Moon Bites Sun, Mankind Cheers!

The sun sets while still in eclipse as seen from Duluth, Minn. Thursday evening October 23. Credit: Bob King

I hope you all got at least a glimpse at the partial solar eclipse this afternoon. The weather cleared off just in time here for a beautiful view from over Superior Bay in Duluth, Minn. As expected, many of us couldn’t take our eyes off the magnificent sunspot group.

Sometimes clouds can be your friend. Credit: Stuart McDaniel

Although we looked at the eclipse through the telescope and camera back, my friend and I agreed the best views were at 1x magnification using nothing more than mylar and welder’s glass. Both the nibbling moon and sunspots were easy to see, and without a frame around the scene, the Sun felt closer, more natural.  Because we watched from an open site on a bay, dappled sunlight on water added a nice touch.

Fr. Larry Regynski’s niece creates pinholes with her hand and uses it to project crescent suns on the wall.  Credit: Fr. Larry Regynski

65% of the Sun was covered for us, and while Sun brightness normally drops off near sunset, there was no question that everything around us looked dimmer than normal with half the Sun gone.

Here are a few photos to enjoy. If you took one you’d like to share, please e-mail it to me at rking@duluthnews.com and I’ll put it up on the blog.

Still keeping an eye on possible auroras tonight. Right now, all is quiet, but I suspect that big sunspot group sooner or later will crank up the heat.

Eclipse season is over now – the next of note for the Americas will be a total lunar eclipse on April 4th next year.

This is how the eclipse looked in a small 3.5-inch refracting telescope. Credit: Bob King
Amateur astronomer Mike Sangster holds up a photographic solar filter over the eclipsed sun Thursday. Credit: Bob King
Gorgeous! Dimmed by haze and high clouds, the eclipsed sun sets in the west Thursday evening. Credit: Mike Sangster
Me with my head stuck in a telescope … as usual. To observe and photograph the eclipse I used a 94mm refractor fitted with a photographic solar filter. Most exposures were shot at 1/4000-second at f/14. Credit: Mike Sangster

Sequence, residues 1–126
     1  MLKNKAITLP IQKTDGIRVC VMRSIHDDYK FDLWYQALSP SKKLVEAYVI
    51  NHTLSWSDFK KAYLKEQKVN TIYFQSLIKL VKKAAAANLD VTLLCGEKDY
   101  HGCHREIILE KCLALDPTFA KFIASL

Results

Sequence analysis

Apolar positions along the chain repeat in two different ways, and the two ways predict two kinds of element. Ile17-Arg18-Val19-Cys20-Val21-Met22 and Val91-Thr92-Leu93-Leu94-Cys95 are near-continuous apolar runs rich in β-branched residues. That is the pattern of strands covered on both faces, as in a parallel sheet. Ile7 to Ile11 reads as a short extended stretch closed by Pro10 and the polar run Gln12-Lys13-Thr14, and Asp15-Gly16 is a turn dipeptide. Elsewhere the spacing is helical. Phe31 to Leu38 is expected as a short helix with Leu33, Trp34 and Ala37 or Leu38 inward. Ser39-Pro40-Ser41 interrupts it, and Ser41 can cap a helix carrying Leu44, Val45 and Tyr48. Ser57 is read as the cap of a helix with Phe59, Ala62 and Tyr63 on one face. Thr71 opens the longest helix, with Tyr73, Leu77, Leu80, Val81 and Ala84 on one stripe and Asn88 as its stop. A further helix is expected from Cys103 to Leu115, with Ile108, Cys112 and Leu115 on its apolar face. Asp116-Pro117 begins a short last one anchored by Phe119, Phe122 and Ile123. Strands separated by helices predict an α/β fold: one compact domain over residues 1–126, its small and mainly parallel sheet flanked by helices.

Sweet sunset shot in Owatonna, Minn. taken with a 210mm telephoto at ISO 100, f/18 and 1/4000-second. Credit: Gary Johnson
Mike Sangster crossed one hand over the over to create small gaps that acted as pinhole projectors. He managed 3 crescent suns on the side of his car. Credit: Bob King
Two crescent suns almost lost in the woods. Left: From Duluth’s Skyline Parkway near Bardon Peak from Art Johnston. Right: From the Pike Lake boat ramp taken by Guy Sander

14 Responses

  1. Bob

    Bob,
    I can’t thank you enough for steering me to the Rainbow Symphony web site for solar filters several weeks ago. These are very reasonably priced and offer a nice view. I got a set for my 20/80 binos and have shared the views with friends, family, and strangers and they have all said, “cool, thanks for the look.” Especially today’s eclipse. I will only take half the credit. Your influence touches way beyond your readers, I am sure.

    I had been watching smaller sunspots, then the beginnings of the massive spot now in view. Reading your recent commentary solidified my wonder if it was going to be special. Viewed in real time, it really makes one ponder the power and immensity of the cosmos, and wish for more.

    Thanks again!

    Bob

    1. astrobob

      Hi Bob,
      Thank you so much for writing. Glad you got a filter in time. I like what you said about how seeing the immensity making you wish for more. Indeed.

  2. Michael Sangster

    Bob,

    It was a great eclipse! Had a good time viewing the eclipse at Park Point.

    I like your picture with the reflection on the water.

  3. Edward M. Boll

    Naked eye magnification with a number 16 dark goggles showed an awesome sight. I was not able to get my first sight till 5, because of work and the clouds had swallowed the Sun by 5, but you could tell that the darkened part of the Sun was different after several minutes as the Moon moved across the Sun. Seeing a dark spot on the Sun, reminded of me of watching Venus cross it 2 years ago. Nearly half the Sun was covered from where I live. Waiting for the big one in 2017, on my brother’s 50th birthday. My wife’s nephew pastors a church in Eldon, MO not too far south of the total path.

      1. Troy

        I’m still sifting through my images, I thought I had a flock of birds taking off. Looked very sweet in preview, I’m still hoping to find it.
        I don’t have a good western horizon so I went up to the local high school. There was some event going on up there and thought it was great I was able to give quite a few of the curious a good look at the eclipse. Usually astronomy for me is 3 a.m. and a very solitary activity, thought it was great contrast to have some social interaction.

        1. astrobob

          Troy,
          I tend toward the solitary side too but enjoy the social interaction through class or occasional outings with the local club and others. Hope you can find the birds shot.

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